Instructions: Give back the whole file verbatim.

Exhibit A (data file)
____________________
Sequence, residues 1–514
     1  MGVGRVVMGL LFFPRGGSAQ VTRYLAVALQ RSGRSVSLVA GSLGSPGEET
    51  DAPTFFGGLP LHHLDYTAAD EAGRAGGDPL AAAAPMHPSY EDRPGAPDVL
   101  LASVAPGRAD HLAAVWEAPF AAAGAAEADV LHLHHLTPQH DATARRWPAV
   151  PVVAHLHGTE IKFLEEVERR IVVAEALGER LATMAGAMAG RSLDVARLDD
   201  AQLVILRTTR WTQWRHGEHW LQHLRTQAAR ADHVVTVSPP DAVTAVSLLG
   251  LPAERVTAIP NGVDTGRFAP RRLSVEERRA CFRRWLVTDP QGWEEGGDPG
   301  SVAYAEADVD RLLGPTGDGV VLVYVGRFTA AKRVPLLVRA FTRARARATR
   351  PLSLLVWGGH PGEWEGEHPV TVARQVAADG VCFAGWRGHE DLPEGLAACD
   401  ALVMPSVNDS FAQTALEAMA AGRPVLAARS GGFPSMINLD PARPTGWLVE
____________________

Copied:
Sequence, residues 1–514
     1  MGVGRVVMGL LFFPRGGSAQ VTRYLAVALQ RSGRSVSLVA GSLGSPGEET
    51  DAPTFFGGLP LHHLDYTAAD EAGRAGGDPL AAAAPMHPSY EDRPGAPDVL
   101  LASVAPGRAD HLAAVWEAPF AAAGAAEADV LHLHHLTPQH DATARRWPAV
   151  PVVAHLHGTE IKFLEEVERR IVVAEALGER LATMAGAMAG RSLDVARLDD
   201  AQLVILRTTR WTQWRHGEHW LQHLRTQAAR ADHVVTVSPP DAVTAVSLLG
   251  LPAERVTAIP NGVDTGRFAP RRLSVEERRA CFRRWLVTDP QGWEEGGDPG
   301  SVAYAEADVD RLLGPTGDGV VLVYVGRFTA AKRVPLLVRA FTRARARATR
   351  PLSLLVWGGH PGEWEGEHPV TVARQVAADG VCFAGWRGHE DLPEGLAACD
   401  ALVMPSVNDS FAQTALEAMA AGRPVLAARS GGFPSMINLD PARPTGWLVE